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Mule for sale

Mules are tough, hard-working hybrids, the result of a cross between a mare (female horse) and a jack (male donkey). For those looking to buy a mule, the best animals take the most desirable characteristics of each parent. The resulting offspring are generally robust and usually around 14 hh – 15 hh (142.24cm – 152.4cm). They vary in appearance according to the mare. Breeders who sell a mule are often specialists, as mules are virtually always sterile, meaning a mule can’t be bred to any other equine. Whether choosing a mule for riding, driving, or pack work, understanding the nature of these special animals is key.

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Mule, Mare, 4 years, 14 hh, Brown Leisure
~ £2,908
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Mule, Mare, 7 years, 15.1 hh, Leopard-Piebald Leisure - Western
Ricarda Haas
~ £5,564
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Mule, Gelding, 5 years, 15.1 hh, Leopard-Piebald Western
~ £5,058 ONO
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Mule Mix, Gelding, 6 years, 16 hh, Black Driving - Leisure - Reining - Trail
~ £3,372
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Mule, Mare, 5 years, 12.2 hh, Brown Leisure - Jumping - Eventing - Endurance
~ £2,529 ONO
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Use and characteristics of mules

When considering whether to buy a mule, there are two essentials to bear in mind. Mules have a strong sense of self-preservation and very long memories. They bond deeply with humans once they have established trust in them, making it important to match the right mule to the right person. Successful riders can readily sell a mule that can take part alongside horses in popular disciplines such as dressage. Mules have always excelled in endurance events as their hardiness, sure-footedness and dedication to the job is ideal. Their intelligence means mules can tackle many kinds of work and they enjoy training that engages them fully.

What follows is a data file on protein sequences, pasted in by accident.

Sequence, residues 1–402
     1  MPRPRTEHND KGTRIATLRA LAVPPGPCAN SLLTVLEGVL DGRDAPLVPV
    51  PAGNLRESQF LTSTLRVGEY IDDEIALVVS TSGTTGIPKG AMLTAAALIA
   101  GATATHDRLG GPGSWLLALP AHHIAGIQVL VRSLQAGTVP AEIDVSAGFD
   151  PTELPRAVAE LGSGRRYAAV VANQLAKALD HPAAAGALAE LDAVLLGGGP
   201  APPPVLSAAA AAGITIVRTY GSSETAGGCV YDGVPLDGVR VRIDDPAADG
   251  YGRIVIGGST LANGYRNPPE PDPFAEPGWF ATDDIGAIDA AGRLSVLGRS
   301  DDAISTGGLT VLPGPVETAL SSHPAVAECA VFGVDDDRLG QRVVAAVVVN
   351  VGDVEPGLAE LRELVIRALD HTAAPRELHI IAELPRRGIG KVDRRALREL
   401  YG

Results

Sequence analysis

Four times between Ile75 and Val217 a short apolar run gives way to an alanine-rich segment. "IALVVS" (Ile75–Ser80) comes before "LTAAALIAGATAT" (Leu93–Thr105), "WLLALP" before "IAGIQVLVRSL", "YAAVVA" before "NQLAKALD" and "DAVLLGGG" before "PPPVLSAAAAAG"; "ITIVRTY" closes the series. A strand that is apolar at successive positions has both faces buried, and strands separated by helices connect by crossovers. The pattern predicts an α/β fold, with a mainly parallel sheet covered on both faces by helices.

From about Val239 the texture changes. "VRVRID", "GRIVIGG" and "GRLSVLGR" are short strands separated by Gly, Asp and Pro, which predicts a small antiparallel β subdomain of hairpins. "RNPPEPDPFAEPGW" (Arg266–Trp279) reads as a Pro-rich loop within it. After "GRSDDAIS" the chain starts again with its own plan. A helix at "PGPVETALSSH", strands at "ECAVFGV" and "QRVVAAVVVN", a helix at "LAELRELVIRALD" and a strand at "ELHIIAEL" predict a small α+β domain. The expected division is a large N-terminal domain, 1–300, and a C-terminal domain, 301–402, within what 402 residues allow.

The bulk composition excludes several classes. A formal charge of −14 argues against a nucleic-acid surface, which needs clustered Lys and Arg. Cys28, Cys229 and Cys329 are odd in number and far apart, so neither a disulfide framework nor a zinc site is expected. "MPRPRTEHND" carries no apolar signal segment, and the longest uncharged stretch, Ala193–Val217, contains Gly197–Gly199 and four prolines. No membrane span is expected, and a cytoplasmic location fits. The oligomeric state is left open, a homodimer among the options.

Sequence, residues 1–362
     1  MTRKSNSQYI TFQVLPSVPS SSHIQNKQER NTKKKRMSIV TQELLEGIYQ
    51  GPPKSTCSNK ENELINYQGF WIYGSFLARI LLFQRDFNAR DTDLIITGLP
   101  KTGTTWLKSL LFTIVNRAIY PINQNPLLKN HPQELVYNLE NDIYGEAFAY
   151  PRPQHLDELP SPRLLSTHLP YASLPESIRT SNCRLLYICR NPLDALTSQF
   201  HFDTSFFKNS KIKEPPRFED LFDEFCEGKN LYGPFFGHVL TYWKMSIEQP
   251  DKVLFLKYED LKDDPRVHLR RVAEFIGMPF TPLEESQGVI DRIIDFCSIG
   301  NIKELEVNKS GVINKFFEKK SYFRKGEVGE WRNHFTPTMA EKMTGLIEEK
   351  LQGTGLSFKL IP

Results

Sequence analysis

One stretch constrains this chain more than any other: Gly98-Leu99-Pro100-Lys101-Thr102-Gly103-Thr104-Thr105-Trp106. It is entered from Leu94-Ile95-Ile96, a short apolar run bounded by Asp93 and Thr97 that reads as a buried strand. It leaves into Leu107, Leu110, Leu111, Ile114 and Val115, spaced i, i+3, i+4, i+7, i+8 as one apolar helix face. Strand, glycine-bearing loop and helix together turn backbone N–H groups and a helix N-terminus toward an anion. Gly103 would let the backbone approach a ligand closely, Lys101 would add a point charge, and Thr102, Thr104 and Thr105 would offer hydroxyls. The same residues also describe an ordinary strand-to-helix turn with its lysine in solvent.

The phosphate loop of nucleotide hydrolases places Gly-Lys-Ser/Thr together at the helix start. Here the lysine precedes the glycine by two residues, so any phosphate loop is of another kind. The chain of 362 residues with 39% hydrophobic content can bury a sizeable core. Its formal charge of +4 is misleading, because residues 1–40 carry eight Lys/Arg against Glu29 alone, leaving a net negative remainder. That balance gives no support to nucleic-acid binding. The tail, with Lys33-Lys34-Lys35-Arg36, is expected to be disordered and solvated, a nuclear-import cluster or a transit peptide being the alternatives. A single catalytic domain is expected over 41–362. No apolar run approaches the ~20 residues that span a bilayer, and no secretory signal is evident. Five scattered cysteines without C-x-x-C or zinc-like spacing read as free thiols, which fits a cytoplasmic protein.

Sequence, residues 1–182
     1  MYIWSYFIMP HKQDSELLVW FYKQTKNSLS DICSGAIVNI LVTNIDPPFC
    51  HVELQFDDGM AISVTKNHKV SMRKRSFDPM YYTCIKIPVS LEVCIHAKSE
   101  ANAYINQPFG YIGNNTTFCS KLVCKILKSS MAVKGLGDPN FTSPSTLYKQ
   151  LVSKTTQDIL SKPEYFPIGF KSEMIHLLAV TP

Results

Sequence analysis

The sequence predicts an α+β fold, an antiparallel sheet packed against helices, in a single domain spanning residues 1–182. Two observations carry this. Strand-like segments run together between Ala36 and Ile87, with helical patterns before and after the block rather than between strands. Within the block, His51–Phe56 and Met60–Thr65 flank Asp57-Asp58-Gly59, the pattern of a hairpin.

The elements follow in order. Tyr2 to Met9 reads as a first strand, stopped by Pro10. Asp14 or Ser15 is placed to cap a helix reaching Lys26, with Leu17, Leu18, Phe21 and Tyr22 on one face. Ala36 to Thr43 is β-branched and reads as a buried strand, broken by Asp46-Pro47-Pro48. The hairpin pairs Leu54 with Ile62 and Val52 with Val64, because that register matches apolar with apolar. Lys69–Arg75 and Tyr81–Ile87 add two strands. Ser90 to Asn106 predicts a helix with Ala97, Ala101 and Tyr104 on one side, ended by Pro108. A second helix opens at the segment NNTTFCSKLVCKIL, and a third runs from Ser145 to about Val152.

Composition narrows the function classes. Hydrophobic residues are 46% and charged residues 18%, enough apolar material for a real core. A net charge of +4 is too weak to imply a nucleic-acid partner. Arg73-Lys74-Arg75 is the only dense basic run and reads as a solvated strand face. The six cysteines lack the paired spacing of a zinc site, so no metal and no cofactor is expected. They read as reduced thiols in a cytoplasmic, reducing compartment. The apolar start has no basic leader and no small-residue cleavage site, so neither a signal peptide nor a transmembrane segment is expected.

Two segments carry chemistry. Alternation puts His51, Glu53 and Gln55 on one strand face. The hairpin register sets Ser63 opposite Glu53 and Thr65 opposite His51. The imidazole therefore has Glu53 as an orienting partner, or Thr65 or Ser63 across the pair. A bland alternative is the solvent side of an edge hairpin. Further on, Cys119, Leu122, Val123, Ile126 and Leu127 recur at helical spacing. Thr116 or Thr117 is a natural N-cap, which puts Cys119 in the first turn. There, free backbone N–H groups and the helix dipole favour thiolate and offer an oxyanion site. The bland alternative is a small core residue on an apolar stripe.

Origin and history of breeding mules

Around 4,700 years ago, the Sumerian people in lower Mesopotamia bred hybrids of the Asiatic wild ass, or onager, and domesticated donkeys. When domesticated horses became available around 2,400 BCE, the Sumerians crossed them with the donkeys to produce mules that were much easier to train.

Mules were popular, particularly as pack animals, throughout the ancient world. They combined the best characteristics of both horse and donkey. They were bigger, faster and stronger than donkeys, could withstand heat and arid temperature like donkeys and were intelligent, willing and trainable like horses. They were also more robust and survived on little feed, unlike horses which needed more care. Their physical appearance is a mix of the two, with longer ears being a notable feature.

Mules often appeared on Roman monuments as working animals. In medieval times, clergy often rode mules. By the 19th century, their role as pack animals for the military was well-established. Today, mules participate in many types of equestrian activity alongside horses.

Mules in equestrianism

When needing to buy a mule for a particular job, knowing the parentage is important. Most jacks are small, but there are also giant donkey breeds such as the Poitou of France. Hinnies, smaller and finer, have donkey mothers and horse fathers.

Mules can be bred from any type of mare. Popular crosses to sell a mule for carriage and farm work include draught horses such as Belgians, or vanner types. Mules have always excelled at pack work, being steady paced and capable of carrying up to 20% of their weight in goods.

Mules are long-lived and can continue working well into their thirties. On average they live longer than horses, which is why they were popular for commercial applications. Mules thrive on steady work. They excel at endurance riding.

Mule facts and famous mules

Mules have strong, donkey-like feet and what is known as “hybrid vigour” – strength that comes from crossing two species. Juanita, an endurance mule completed 8,400 km/5,175 miles in her career from 1978 to 1987. The average weight range is between 370 and 460 kg (820 and 1,000 lb). Their infertility is because mules have 63 chromosomes, a mixture of the donkey's 62 and the horse's 64. However, 1% - 4% of female mules can be fertile, producing very rare equids indeed!